Yesterday, thanks to a conversation with my friend Eric McDowell, I found the quote below by my favorite physicist, Richard Feynman (1918-1988). (Doesn't everyone have a favorite physicist? Who is yours?) Feynman worked on the Manhattan Project and later (1965) won the Nobel Prize for his work in the field of quantum electrodynamics (don't ask me). In 1986, he served on the panel investigating the Challenger disaster; he was the one who discovered the link between cold temperatures and the failure of the 0-ring gaskets. During the hearing, he surreptitiously dropped an 0-ring held in a metal clamp into a glass of ice water -- while a witness was testifying that the cold had no impact on the ability of the O-rings to maintain their shape and thus integrity. As the witness concluded his testimony, Feynman pulled the O-ring out of the water and removed the metal clamp; the O-ring stayed as compressed and distorted as if the clamp were still in place. It was a simple experiment that demonstrated in dramatic and undeniable terms how fatally wrong NASA's judgment had been.
Feynman was a great character. Besides being a brilliant scientist, he was a painter, a great connoissuer of practical jokes, a passionate bongo player, a juggler, and a prolific author. Some of his books for the general public include Surely You're Joking, Mr. Feynman!,What Do You Care What Other People Think?, and The Pleasure of Finding Things Out. He was one of those people whose fascination with the universe was unending; despite his success in his field, despite his Nobel Prize, he said in a letter written near the end of his life, ""I was born not knowing, and have only had a little time to change that here and there." He also recognized that scientific knowledge and wisdom are two different things: "One does not, by knowing all the physical laws as we know them today, immediately obtain an understanding of anything much." To someone who almost blew up the chemistry lab and was recommended not to take physics by her high school guidance counselor, this is very appealing.
To one of his lectures, Feynman added this footnote:
Poets say science takes away from the beauty of the stars - mere gobs of gas atoms. Nothing is "mere." I too can see the stars on a desert night, and feel them. But do I see less or more? The vastness of the heavens stretches my imagination - stuck on this carousel my little eye can catch one-million-year-old light. A vast pattern - of which I am a part - perhaps my stuff was belched from some forgotten star, as one is belching there. Or see them with the greater eye of Palomar, rushing all apart from some common starting point when they were perhaps all together. What is the pattern, or the meaning, or the "why?" It does not do harm to the mystery to know a little about it. For far more marvelous is the truth than any artists of the past imagined! Why do the poets of the present not speak of it? What men are poets who can speak of Jupiter if he were like a man, but if he is an immense spinning sphere of methane and ammonia must be silent?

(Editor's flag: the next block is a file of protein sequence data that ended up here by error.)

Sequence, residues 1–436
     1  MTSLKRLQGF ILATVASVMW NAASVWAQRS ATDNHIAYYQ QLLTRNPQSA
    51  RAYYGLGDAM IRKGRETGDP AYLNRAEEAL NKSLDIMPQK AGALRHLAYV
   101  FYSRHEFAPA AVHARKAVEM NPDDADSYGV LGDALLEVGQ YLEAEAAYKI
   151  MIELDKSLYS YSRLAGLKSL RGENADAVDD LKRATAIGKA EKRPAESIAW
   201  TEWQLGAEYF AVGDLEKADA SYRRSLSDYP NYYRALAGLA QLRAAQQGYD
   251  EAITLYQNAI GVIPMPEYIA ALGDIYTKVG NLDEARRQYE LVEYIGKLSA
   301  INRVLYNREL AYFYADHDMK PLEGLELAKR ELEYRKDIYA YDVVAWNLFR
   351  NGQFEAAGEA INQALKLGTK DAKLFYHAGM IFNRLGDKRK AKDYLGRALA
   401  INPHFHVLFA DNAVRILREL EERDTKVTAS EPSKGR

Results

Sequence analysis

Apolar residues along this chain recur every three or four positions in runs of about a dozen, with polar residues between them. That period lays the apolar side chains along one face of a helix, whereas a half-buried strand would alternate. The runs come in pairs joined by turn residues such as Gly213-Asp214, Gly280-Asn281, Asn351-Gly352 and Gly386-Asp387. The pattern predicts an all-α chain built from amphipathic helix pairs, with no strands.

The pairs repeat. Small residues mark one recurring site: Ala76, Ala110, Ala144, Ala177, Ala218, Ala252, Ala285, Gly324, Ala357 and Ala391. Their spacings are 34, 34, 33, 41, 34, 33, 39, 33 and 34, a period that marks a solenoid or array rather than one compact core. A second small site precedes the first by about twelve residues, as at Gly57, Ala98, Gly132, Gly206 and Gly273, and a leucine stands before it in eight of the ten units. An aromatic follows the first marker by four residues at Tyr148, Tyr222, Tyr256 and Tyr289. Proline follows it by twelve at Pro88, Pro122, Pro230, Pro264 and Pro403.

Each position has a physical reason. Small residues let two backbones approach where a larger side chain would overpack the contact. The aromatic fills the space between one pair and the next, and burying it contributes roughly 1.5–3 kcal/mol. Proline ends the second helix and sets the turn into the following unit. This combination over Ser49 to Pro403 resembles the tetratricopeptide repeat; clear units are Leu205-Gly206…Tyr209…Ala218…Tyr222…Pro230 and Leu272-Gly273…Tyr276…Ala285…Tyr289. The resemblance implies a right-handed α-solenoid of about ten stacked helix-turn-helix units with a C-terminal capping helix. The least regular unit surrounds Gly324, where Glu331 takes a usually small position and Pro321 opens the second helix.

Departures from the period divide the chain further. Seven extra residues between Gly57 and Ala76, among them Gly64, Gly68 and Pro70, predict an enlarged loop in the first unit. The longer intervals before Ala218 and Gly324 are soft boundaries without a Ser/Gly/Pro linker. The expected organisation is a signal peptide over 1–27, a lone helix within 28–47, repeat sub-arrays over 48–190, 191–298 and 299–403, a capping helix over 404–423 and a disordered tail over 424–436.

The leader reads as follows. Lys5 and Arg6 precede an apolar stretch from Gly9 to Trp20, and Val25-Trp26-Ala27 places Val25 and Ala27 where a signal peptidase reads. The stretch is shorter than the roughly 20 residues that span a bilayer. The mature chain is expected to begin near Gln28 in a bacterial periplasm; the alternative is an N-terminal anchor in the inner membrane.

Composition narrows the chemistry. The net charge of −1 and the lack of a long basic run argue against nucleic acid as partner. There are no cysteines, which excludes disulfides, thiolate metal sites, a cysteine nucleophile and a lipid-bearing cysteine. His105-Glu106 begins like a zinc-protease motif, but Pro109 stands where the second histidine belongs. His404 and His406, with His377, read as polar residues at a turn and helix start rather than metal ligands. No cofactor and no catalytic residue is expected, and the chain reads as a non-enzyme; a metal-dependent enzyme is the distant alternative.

A very good question, I think.
A recent book that does just this is A. Van Jordan's Quantum Lyrics, which blends reflections on race in America with poems that connect the laws of physics and the human heart. Here is Jordan's take on Feynman's lectures:
Richard P. Feynman Lecture:
Symmetry walks between two worlds. To the hands it tries to
touch us from either side; to the feet, it simply wants us not to
stumble but to saunter; and to the heart, it gives as much as it
takes. Protons have neutrons; matter has antimatter. It's all a
negotiation of will, a charade of dominance and submission, and
we play like adults play with memories of our youth. We believe
that love is equal to hate, but nothing is perfectly symmetic.
Why, for example, does the earth orbit elliptically, as if these old
hands had drawn the path, instead of following an elegant circle.
In the city of Nikko, Japan, stands the Yomei-mon gate.
Elaborate in design, the gate has princes and lions and nymphs
and other elements carved in -- what appears to be, at least --
perfect symmetry. But, if you look closely, you'll notice that one
of the princes is carved upside down. And if you ask the people
of Nikko why, they will tell you that it's carved so the gods
won't get jealous of the perfection of man. But I put the mirror
up to that statement and say the laws of nature are nearly
symmetrical because God didn't want to make man jealous of
And in the mirror, the clock ticks a little slower, the heart beats a
little delayed. Watch the hand touch your face and, for a
moment, one hand brushes both cheeks at once. But then you
begin to pick the body apart: one foot is longer than the other,
one breast hangs a little lower, one eye winks and the other can
only blink, and, suddenly, you're not the woman you thought you
were. But then you look at a tree growing cherries or a flower
sating a bee and you count the branches or the petals and you
realize nothing is as beautiful as you once believed. And through
our eyes we continue coveting our reflections: The blade of
grass wants to be a rapier; the clouds want to be smoke circles
blown over the lips; the eclipse wants to bring back the light.
During Feynman's time at Alamagordo NM in the '40s, his wife Arline was dying of tuberculosis. Before the Manhattan Project was completed, she died. In 1996, Matthew Broderick produced, directed, and starred in the movie, "Infinity," based on Feyman's writings about his childhood and this time in his life. Here is the opening scene of the movie, with Peter Reigert as Mel, Feynman's father.